EUROPE GAS-Prices firm in volatile trade amid falling Norwegian flows
April 20 (Reuters) – UK and Dutch wholesale gas prices rose slightly on Wednesday morning amid volatile trading activity, as maintenance curbed Norwegian gas flows to Britain and concerns over future Russian gas supplies persist.
On the British gas market, the day-ahead contract TRGBNBPD1 rose 11 pence to 165.00 p/therm at 09:05 GMT, with the intraday contract TRGNBPWKD up to 3 pence at 165.00 p/therm.
Flows from Norway to Britain fell on Wednesday morning amid the start of maintenance at the giant Troll gas field and Kollsnes processing plant, Refinitiv analysts said in a daily research note.
Still, steady flows of liquefied natural gas (LNG) continued to balance supply, while rising wind speeds reduced gas demand for power generation this week, analysts said.
Temperatures are expected to be warmer through the end of the week before dipping below normal starting early next week, according to data from Refinitiv.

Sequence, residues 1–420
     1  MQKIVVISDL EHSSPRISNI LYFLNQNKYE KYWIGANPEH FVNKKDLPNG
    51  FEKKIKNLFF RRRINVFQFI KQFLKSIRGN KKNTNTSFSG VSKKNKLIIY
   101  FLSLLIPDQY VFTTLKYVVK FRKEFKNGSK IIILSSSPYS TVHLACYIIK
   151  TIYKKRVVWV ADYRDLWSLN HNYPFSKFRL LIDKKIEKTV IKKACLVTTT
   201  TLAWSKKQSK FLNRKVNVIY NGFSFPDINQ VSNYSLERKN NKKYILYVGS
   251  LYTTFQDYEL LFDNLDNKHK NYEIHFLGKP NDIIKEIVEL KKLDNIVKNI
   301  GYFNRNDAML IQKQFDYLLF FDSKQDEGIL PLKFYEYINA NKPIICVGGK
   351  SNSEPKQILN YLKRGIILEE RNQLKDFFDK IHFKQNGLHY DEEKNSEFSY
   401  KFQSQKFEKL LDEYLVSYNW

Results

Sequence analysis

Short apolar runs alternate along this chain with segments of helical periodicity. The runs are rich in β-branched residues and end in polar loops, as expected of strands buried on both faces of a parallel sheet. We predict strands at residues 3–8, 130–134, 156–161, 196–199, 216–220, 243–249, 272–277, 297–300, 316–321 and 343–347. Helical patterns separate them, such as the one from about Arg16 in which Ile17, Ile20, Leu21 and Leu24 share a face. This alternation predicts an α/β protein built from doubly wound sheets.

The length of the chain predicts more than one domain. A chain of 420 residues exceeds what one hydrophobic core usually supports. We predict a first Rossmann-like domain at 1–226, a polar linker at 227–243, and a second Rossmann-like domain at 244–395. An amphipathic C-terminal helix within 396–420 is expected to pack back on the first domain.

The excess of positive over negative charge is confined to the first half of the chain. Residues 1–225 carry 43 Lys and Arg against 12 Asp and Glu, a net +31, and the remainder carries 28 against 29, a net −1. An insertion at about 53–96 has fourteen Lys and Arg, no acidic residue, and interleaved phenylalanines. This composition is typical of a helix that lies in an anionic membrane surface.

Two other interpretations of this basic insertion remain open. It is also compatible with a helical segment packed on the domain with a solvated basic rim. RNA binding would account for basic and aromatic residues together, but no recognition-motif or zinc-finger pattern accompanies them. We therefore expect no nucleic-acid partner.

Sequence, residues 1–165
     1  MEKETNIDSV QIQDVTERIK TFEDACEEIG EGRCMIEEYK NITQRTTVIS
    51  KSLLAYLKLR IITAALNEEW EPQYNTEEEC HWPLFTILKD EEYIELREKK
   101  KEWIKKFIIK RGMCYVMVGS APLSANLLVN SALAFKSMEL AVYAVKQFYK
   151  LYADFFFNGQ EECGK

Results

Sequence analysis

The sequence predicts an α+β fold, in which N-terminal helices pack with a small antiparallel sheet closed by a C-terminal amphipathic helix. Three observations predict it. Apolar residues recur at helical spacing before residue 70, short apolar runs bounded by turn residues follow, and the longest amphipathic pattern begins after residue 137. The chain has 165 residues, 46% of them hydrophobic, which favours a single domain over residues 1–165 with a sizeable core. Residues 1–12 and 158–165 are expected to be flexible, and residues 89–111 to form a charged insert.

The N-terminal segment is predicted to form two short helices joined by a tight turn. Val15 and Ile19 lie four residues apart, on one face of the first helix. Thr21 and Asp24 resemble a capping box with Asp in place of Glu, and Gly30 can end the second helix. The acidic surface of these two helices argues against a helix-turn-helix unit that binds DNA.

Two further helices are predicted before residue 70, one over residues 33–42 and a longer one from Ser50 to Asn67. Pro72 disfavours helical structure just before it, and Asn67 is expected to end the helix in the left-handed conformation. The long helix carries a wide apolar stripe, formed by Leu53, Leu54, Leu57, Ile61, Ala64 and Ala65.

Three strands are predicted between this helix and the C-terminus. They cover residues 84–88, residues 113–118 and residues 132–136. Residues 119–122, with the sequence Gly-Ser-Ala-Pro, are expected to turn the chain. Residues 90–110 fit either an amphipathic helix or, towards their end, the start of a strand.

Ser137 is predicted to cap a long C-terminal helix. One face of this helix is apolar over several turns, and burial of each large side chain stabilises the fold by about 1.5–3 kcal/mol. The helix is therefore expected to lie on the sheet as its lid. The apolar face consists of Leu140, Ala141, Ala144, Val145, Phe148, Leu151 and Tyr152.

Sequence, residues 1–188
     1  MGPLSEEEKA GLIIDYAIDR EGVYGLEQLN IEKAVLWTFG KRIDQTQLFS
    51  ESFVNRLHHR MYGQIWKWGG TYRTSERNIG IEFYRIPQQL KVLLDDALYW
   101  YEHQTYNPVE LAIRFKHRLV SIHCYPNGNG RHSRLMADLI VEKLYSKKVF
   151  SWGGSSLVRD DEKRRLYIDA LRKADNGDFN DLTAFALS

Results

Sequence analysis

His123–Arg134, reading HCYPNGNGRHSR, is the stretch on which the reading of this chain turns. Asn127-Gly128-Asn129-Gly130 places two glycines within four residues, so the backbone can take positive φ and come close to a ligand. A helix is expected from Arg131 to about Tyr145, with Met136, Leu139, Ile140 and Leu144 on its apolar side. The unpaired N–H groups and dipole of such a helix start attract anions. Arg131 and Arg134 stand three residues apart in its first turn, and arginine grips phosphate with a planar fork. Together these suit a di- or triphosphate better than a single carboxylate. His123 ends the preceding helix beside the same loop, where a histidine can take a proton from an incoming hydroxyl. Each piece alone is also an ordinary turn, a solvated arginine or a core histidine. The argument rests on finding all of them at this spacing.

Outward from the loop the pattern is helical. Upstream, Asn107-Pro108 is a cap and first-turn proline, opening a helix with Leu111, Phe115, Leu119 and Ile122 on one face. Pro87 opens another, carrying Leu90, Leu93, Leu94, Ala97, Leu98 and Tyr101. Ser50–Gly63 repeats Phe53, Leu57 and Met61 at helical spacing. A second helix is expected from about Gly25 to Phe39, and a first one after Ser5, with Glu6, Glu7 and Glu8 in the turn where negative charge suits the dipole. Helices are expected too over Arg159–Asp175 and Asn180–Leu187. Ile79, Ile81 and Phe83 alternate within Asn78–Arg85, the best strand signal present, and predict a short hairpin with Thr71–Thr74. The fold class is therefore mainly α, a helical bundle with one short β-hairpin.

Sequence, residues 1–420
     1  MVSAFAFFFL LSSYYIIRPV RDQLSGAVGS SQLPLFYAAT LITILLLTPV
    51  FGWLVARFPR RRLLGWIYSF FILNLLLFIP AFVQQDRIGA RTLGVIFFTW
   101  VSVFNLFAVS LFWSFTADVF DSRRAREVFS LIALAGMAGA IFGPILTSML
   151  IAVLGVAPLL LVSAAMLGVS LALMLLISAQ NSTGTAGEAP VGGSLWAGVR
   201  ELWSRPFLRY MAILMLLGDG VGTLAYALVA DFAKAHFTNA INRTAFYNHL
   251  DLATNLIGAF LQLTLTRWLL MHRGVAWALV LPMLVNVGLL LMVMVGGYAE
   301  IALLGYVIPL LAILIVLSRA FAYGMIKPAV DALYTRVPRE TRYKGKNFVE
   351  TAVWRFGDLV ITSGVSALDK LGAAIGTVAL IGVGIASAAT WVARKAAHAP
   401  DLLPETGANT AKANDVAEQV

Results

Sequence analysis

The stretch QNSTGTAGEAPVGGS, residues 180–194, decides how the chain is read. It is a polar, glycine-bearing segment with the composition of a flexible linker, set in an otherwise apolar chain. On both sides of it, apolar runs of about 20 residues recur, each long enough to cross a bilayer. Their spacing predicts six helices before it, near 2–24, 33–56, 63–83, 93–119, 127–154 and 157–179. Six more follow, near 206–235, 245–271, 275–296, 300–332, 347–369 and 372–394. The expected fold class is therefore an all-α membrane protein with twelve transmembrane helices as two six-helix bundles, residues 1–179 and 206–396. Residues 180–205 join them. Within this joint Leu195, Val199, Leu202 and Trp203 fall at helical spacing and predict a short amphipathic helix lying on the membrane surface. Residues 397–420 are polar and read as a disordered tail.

The Dutch May Contract TRNLTTFMc1 increased by 0.60 euro to 95.60 euro per megawatt hour (MWh).
“Volatility will remain high as everyone keeps an eye on EU-Russia relations,” analysts at Energi Danmark said in a morning note.
A halt or severe reduction in Russian gas supplies to Europe, either through Russia or an EU embargo, remains the main near-term risk and is driving prices higher, analysts said on Wednesday. of the Berenberg bank in a report.
Russian gas flows are also the most important factor for the construction of gas storage until next winter, they added.
Deliveries of Russian gas to Europe via Ukraine and via the Nord Stream 1 pipeline to Germany increased slightly on Wednesday morning while eastward flows to Poland from Germany via the Yamal-Europe pipeline have remained stable.
EU gas storages were 29.13% full as of April 18, according to data from Gas Infrastructure Europe.
The European Union has set a filling level target of 80% for November 1st.
On the European carbon market, the reference contract CFI2Zc1 gained 2.73 euros to 82.93 euros per tonne.
(Reporting by Nora Buli in Oslo; Editing by Susanna Twidale)
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